Earth is our only example of a habitable planet, so it makes sense to search for Earth-size worlds when we’re hunting for potentially-habitable exoplanets. When astronomers found seven of them orbiting a red dwarf star in the TRAPPIST-1 system, people wondered if Earth-size planets are more common around red dwarfs than Sun-like stars.
A recent study published in the Proceedings of the National Academy of Sciences, a pair of researchers from the University of Florida (UF) examine orbital eccentricities for exoplanets orbiting red dwarf (M dwarf) stars and determined that one-third of them—which encompass hundreds of millions throughout the Milky Way—could exist within their star’s habitable zone (HZ), which is that approximate distance from their star where liquid water can exist on the surface. The researchers determined the remaining two-thirds of exoplanets orbiting red dwarfs are too hot for liquid water to exist on their surfaces due to tidal extremes, resulting in a sterilization of the planetary surface.
The Fermi Paradox won’t go away. It’s one of our most compelling thought experiments, and generations of scientists keep wrestling with it. The paradox pits high estimates for the number of civilizations in the galaxy against the fact that we don’t see any of those civs. It says that if rapidly expanding civilizations exist in the Milky Way, one should have arrived here in our Solar System. The fact that none have implies that none exist.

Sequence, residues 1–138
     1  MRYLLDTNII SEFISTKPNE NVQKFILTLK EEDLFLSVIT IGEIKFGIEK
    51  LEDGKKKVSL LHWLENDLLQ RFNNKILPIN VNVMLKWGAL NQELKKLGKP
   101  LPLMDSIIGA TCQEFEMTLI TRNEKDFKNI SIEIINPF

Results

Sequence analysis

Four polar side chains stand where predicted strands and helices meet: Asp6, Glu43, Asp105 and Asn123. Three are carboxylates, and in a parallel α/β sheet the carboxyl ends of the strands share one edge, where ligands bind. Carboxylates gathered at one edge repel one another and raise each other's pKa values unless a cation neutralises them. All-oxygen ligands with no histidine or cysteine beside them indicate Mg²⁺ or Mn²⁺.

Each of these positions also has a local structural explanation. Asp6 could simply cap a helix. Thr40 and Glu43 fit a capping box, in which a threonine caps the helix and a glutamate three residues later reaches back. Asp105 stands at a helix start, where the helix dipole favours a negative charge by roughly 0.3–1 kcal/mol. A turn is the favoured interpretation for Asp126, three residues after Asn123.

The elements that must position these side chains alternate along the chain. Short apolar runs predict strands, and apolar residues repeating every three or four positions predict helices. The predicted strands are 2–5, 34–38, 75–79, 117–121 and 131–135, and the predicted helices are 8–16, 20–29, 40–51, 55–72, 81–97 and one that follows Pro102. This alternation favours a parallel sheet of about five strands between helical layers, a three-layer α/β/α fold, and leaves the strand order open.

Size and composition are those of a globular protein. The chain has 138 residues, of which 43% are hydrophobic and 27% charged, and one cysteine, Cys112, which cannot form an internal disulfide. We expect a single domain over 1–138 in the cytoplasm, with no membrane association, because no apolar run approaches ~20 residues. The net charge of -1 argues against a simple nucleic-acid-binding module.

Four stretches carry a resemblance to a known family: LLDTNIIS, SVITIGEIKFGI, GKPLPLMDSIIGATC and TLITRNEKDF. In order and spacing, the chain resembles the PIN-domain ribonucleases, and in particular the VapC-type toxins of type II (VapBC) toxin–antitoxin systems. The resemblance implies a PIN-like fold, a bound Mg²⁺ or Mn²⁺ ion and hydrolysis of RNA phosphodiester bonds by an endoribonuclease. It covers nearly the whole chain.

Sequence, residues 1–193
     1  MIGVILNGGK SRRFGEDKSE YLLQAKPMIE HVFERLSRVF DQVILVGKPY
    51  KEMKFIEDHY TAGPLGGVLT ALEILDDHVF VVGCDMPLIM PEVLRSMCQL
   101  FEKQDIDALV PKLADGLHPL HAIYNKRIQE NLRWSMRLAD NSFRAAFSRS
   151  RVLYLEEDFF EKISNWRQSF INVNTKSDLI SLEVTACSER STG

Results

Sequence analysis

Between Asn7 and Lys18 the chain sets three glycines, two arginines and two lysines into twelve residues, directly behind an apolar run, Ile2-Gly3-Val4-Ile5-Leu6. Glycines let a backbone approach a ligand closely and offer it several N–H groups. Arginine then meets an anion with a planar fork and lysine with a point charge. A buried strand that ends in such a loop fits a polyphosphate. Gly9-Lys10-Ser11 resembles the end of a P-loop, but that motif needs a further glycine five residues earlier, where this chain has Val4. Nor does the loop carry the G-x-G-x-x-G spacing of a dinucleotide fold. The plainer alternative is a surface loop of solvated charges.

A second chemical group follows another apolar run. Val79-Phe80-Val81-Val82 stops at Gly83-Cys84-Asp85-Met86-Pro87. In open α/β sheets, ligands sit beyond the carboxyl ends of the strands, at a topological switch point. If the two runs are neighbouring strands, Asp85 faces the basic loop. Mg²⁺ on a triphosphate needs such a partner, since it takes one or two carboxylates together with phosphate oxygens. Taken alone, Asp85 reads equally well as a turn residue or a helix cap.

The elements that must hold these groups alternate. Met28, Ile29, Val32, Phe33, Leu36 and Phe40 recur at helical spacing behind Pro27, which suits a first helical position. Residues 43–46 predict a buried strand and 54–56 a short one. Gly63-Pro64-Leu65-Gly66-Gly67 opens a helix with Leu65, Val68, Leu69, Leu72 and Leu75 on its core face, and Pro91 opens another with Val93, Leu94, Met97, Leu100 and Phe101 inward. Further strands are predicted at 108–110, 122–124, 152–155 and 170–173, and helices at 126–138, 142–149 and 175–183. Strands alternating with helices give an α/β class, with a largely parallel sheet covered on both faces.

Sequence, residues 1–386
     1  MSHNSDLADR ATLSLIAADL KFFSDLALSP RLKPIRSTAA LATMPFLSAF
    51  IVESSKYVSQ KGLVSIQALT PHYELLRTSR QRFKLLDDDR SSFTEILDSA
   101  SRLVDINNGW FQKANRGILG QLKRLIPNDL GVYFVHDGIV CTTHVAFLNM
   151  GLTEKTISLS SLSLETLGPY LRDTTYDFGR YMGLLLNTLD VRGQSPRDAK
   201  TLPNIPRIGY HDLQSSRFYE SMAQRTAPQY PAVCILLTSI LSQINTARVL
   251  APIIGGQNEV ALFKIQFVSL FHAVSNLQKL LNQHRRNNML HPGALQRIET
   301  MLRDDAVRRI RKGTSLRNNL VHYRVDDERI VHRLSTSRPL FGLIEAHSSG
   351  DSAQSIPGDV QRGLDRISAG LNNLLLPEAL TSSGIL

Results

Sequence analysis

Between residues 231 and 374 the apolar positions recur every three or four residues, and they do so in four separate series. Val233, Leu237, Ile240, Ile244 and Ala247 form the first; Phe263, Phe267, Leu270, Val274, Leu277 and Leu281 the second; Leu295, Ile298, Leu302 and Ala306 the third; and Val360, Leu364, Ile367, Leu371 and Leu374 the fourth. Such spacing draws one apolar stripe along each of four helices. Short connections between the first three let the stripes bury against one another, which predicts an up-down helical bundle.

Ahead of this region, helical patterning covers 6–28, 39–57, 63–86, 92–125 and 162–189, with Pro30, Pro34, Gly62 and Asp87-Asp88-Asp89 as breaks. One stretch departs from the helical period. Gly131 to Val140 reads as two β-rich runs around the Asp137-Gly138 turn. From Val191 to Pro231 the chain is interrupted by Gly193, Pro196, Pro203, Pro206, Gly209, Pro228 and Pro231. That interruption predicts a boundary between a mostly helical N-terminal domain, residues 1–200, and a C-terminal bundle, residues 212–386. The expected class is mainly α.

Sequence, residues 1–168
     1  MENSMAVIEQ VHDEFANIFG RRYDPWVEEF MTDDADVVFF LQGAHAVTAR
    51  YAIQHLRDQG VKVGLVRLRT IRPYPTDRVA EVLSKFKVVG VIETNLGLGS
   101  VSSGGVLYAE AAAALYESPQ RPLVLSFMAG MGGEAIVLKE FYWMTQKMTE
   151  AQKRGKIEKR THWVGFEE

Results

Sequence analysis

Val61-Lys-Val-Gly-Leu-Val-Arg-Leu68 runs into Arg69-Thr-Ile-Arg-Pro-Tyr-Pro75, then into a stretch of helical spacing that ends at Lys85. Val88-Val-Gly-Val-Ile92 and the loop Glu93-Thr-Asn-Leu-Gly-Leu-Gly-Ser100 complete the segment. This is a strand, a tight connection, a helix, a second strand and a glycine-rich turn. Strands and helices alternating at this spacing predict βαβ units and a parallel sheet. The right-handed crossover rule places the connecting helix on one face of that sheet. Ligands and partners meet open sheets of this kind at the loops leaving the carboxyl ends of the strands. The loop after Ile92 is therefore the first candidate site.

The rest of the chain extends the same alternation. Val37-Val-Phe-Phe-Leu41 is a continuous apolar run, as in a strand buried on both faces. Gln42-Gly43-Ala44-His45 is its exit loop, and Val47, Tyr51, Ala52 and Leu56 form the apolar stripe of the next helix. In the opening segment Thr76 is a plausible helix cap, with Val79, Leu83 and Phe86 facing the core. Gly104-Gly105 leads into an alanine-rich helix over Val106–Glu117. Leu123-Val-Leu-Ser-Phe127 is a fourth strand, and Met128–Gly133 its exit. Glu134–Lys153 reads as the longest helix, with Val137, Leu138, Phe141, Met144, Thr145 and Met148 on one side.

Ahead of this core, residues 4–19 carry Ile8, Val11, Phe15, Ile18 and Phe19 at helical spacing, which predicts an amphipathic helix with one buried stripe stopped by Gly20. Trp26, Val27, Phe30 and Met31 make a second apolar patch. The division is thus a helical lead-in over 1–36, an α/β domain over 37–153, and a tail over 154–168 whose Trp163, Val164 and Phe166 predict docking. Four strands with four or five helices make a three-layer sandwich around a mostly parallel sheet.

Many thinkers and scientists have addressed the Fermi Paradox and tried to come up with a reason why we don’t see any evidence of an expanding technological civilization. Life may be extraordinarily rare, and the obstacles to interstellar travel may be too challenging. It could be that simple.
But a new paper has a new answer: maybe our Solar System doesn’t offer what long-lived, rapidly expanding civilizations desire: the correct type of star.
Should we thank our well-behaved Sun for our comfy home on Earth?
Some stars behave poorly. They’re unruly and emit powerful stellar flares that can devastate life on any planets within range of those flares. New research into stellar flares on other stars makes our Sun seem downright quiescent.
We tend to think of our Earthly circumstances as normal. A watery, temperate world orbiting a stable yellow star. A place where life has persisted for nearly 4 billion years. It’s almost inevitable that when we think of other places where life could thrive, we use our own experience as a benchmark.